The high returns to low-cost private schooling in a poor country

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While research from the U.S., Latin America and Asia provides little evidence that private schooling leads to greater educational attainment relative to public schooling, new research from the developing world suggests the opposite.

New research examining the case of private schooling in Kenya from Tessa Bold (University of Frankfurt), Mwangi Kimenyi (Brookings Institute), Germano Mwabu (University of Nairobi) and Justin Sandefur (Centre for Global Development), finds a large performance difference between private and public school students, equivalent to a full standard deviation of pupil-level test scores.

Moreover, the research suggests that private schools achieve these better results at far less cost, with median expenditure per privately-schooled pupil estimated at only US$41 per annum as compared to US$84 at government schools.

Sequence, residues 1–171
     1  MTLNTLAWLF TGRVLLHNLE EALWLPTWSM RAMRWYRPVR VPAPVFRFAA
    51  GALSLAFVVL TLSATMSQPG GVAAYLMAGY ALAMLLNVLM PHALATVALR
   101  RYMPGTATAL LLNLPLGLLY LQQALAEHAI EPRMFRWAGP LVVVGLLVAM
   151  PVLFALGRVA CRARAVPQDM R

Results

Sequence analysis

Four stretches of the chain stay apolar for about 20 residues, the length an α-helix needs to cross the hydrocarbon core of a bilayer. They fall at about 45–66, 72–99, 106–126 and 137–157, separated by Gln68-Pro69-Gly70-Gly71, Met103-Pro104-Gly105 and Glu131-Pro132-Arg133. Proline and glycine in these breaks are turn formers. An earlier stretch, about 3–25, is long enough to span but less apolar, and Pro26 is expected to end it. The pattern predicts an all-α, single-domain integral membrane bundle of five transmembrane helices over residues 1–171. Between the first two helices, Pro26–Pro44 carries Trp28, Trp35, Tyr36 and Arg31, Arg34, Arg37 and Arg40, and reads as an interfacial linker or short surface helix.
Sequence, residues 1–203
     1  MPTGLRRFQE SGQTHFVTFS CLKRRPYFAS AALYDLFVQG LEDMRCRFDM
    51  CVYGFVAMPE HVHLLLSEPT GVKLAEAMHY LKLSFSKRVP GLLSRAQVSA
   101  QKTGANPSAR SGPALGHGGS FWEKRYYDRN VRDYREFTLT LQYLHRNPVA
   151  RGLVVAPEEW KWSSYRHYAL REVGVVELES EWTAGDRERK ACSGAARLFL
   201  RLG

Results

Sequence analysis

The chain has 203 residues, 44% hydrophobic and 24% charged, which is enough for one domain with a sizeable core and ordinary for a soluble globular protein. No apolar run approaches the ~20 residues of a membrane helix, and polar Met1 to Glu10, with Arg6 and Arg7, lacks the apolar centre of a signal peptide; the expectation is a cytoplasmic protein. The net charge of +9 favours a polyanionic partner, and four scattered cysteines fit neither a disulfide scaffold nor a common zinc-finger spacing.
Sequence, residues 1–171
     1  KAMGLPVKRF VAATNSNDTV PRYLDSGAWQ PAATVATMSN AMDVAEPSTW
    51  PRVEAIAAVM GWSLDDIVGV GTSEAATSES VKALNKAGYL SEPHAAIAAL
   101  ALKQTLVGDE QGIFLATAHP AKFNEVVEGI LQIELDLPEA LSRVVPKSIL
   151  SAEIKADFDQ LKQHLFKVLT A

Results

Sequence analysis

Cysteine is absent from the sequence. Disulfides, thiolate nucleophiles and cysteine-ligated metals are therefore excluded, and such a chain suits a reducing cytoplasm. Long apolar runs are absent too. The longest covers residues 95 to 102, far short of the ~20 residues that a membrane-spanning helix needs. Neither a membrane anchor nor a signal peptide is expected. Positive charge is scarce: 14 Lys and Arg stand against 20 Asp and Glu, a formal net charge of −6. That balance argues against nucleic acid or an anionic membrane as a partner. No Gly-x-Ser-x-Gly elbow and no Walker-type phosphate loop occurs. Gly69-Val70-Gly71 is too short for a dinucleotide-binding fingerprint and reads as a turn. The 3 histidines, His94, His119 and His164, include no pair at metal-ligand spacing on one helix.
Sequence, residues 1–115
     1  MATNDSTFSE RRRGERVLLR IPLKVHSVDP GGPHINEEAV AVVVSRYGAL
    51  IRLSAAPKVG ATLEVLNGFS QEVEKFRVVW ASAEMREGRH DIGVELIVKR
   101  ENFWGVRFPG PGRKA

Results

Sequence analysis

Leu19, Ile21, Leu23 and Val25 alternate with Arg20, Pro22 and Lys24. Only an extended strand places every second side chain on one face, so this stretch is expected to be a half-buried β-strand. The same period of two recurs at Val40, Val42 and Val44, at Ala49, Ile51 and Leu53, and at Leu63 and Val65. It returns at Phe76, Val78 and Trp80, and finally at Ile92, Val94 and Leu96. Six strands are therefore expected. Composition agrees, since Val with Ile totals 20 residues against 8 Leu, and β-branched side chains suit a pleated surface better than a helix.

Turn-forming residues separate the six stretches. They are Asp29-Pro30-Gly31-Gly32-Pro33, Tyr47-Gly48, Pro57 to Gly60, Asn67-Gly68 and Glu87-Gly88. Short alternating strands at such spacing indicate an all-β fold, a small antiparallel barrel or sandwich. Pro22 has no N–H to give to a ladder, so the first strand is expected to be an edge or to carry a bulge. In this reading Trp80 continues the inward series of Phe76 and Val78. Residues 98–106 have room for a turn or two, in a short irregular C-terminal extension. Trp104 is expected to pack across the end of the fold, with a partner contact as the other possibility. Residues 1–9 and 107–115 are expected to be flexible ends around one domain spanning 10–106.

The authors argue that unlike in developed states, the effect of private schooling in a low-income African country with weak public sector institutions may be dramatically higher and worthy of greater policy attention.

While higher test scores may be the result of funding advantages or greater student ability, Bold and co-authors are able to control for these factors and measure the impact of private schooling on test scores by using an aggregation method which averages test scores in a district from both public and private schools over time.

Using scores from the Kenya Certificate of Primary Education (KCPE) examination, the authors take as the dependent variable the average score across both public and private schools for all students of a given gender, in a given district, and a given year. These average scores are then regressed on the proportion of students in private schools and controlled for fixed effects.